Indian media: State of political parties

Aam Aadmi Party leader Arvind Kejriwal arrives for a meeting with Indian Home Minister Rajnath Singh on 11 February 2015 Image copyright AP
Image caption Where will Mr Kejriwal and his AAP go next?

The Indian media ponder whether the party of anti-corruption campaigner Arvind Kejriwal may try to capitalise on its success in Delhi by contesting elections elsewhere in India.

A report in The Times of India quotes the Aam Aadmi Party's chief ideologue, Yogendra Yadav, as saying it is considering expanding its presence to several other states in the coming years.

In addition to Punjab, where the AAP already has national parliamentary representation, possible targets include the BJP-ruled states of Gujarat, Rajasthan, Madhya Pradesh and Chattisgarh, Mr Yadav says, pointing to a lack of credible opposition as a result of Congress' decline.

But he also cautions that the route onwards "has to be decided properly first", and that the timeframe being looked at was the next five years.

The gradual nature of any move is highlighted by an article in The Economic Times according to which the party has rejected demands from regional leaders for immediate expansion in the aftermath of the Delhi landslide.

The business daily quotes unnamed party leaders as saying that the AAP will not contest any state elections in 2015 - including October's polls in Bihar.

They cite the lack of a serious party organisation outside Delhi, but also the fear of replicating the experience of 2014, when a bid for national prominence in May's general election soon after success in Delhi ended in failure.

Commenting in The Hindu, Smita Gupta says the AAP appears to be "in no hurry", and that it will first try to turn Delhi into a "model state" before gradually seeking nationwide prominence.

Despite this slow roadmap, she adds, "for the traditional parties, the threat they spotted in 2013 still looms large".

'Touch of hubris'

Newspapers also consider where Prime Minister Narendra Modi's chastened party will go next.

"The mother of all shellackings means it's introspection time for BJP," says an editorial in The Times of India.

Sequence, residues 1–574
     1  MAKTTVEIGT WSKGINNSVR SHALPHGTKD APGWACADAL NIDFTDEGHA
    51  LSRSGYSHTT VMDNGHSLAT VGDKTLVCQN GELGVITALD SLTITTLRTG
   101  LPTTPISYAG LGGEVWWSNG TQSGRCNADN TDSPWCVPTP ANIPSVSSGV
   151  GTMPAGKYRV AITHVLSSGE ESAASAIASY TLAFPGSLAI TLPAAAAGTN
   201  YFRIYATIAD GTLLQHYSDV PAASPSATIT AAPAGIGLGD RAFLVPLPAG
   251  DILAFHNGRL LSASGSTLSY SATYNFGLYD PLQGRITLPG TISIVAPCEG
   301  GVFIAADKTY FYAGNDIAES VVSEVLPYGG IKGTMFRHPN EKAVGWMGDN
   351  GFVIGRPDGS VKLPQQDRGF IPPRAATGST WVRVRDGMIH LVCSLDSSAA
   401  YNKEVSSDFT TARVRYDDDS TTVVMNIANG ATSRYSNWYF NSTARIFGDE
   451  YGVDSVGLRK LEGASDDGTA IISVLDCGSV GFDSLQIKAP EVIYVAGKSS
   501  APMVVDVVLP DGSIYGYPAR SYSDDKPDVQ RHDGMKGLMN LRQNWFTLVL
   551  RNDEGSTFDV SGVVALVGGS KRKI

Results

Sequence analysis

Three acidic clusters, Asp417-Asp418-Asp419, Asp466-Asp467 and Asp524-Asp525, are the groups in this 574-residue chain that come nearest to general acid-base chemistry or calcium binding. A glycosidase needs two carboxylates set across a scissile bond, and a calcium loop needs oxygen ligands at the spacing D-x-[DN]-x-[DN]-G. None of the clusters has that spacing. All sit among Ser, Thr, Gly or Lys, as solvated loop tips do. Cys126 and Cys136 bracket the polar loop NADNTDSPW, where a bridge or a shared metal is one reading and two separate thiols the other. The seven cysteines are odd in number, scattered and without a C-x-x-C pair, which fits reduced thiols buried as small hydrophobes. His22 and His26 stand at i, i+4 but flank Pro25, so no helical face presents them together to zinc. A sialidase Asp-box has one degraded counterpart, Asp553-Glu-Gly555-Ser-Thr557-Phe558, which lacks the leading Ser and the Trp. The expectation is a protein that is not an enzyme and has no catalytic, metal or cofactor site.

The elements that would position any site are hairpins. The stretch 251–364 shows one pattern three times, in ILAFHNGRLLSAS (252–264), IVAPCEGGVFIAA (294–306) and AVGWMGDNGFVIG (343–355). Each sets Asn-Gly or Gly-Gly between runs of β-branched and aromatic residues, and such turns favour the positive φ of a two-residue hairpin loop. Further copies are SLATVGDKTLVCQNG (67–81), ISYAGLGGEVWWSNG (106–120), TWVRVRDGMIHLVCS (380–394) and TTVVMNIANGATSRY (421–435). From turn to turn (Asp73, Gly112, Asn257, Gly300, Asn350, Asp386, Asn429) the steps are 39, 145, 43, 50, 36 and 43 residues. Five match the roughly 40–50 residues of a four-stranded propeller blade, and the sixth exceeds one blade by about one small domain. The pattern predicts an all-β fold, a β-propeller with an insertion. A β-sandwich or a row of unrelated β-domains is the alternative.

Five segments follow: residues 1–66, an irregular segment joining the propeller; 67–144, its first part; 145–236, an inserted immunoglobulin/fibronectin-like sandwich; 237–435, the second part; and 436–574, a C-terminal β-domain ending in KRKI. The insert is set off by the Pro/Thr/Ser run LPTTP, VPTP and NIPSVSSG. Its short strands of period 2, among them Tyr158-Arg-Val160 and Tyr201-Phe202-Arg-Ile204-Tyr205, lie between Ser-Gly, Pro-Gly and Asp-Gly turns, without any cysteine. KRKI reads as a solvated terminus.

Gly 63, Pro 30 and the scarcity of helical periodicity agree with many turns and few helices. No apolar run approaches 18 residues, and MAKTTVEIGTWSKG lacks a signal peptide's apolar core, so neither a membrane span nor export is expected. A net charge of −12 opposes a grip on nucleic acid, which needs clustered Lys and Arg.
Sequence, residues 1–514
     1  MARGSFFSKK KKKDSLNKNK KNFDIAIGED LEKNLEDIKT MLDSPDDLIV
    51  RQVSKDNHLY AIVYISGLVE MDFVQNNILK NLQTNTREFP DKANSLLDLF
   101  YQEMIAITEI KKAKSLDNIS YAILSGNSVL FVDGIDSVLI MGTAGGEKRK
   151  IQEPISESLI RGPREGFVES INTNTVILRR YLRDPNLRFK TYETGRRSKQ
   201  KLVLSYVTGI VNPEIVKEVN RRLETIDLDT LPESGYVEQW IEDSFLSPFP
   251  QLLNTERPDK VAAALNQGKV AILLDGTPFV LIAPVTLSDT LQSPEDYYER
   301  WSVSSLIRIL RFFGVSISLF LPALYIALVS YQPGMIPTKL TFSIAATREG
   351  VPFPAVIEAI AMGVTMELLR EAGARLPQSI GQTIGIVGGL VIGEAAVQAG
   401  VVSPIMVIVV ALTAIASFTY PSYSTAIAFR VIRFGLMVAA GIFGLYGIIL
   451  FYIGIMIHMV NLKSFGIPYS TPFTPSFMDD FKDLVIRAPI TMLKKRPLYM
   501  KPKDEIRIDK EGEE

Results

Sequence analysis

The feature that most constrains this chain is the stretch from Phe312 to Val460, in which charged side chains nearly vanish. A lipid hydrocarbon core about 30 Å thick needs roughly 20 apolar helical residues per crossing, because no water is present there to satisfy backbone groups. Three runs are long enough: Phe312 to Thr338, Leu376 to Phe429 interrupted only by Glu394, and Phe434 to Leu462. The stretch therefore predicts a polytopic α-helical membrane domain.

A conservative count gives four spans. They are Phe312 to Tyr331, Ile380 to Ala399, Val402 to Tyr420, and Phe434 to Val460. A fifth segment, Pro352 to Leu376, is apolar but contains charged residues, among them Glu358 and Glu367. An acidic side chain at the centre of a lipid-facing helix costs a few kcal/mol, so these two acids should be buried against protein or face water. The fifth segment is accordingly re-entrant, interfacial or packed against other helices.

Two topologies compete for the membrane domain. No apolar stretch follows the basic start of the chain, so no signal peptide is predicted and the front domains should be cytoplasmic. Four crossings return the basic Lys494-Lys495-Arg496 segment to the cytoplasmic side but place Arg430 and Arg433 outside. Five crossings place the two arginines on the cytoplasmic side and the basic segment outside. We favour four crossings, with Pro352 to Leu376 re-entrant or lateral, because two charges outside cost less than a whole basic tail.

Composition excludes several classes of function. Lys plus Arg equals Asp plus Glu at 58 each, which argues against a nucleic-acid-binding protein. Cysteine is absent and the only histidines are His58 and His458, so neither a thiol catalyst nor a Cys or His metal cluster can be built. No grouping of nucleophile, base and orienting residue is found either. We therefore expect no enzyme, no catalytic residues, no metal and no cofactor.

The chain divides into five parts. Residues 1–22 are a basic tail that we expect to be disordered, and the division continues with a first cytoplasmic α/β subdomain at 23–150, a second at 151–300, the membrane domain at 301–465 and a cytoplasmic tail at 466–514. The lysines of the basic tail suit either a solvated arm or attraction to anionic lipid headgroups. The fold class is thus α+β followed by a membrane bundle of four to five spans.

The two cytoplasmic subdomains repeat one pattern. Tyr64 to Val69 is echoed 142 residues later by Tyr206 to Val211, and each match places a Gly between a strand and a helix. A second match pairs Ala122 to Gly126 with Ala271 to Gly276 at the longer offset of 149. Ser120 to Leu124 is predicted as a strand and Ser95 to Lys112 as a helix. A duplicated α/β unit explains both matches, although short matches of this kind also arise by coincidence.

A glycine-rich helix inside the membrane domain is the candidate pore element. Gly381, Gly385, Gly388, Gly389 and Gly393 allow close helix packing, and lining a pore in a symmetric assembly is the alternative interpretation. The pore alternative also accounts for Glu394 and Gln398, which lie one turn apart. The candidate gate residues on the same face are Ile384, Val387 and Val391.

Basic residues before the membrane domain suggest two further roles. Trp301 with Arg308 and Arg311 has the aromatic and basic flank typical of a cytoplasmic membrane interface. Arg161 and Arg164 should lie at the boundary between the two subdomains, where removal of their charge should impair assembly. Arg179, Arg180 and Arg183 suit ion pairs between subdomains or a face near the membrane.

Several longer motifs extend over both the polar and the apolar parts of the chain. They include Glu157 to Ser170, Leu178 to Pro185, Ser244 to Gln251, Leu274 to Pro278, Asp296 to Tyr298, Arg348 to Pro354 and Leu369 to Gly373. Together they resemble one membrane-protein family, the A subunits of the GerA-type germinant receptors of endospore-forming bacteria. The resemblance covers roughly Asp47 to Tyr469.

The daily argues the fact that the BJP campaign around Mr Modi disproves the party's claims that the defeat was no reflection on the national leadership, and that the party was hurt by the prime minister's "touch of hubris", such as his focus on foreign policy.

The answer, the paper warns, is not to resort to "knee-jerk" populism or polarising tactics, but improve the national government's performance in promoting good government and economic reform.

For Suhas Palshikar, in The Indian Express, the rout in Delhi is a signal for the BJP to become a "normal party" again, and turn away from its overemphasis on Mr Modi's personality and tight control by the central leadership.

But while the Delhi result was a setback for the BJP, Mr Palshikar adds, it signals "something deeper, verging on political irrelevance" for Congress, which came a distant third in the capital and won no seats.

"Congress is destined to lose its status as a political party," he predicts, adding that the once-dominant party "seems incapable of recouping, in the near future, on three crucial counts - leadership, agenda and social base".

The Hindu agrees, saying the Congress is in "free-fall" and most of its members have lost faith in the abilities of Rahul Gandhi, who is expected to be installed as party president this year.

"He has neither demonstrated the ability to sustain an idea or the hard work demanded of a full-time politician in a leadership role," the daily's editorial says, adding that the party must return to its "foundational principles", or "face the prospect of extinction".

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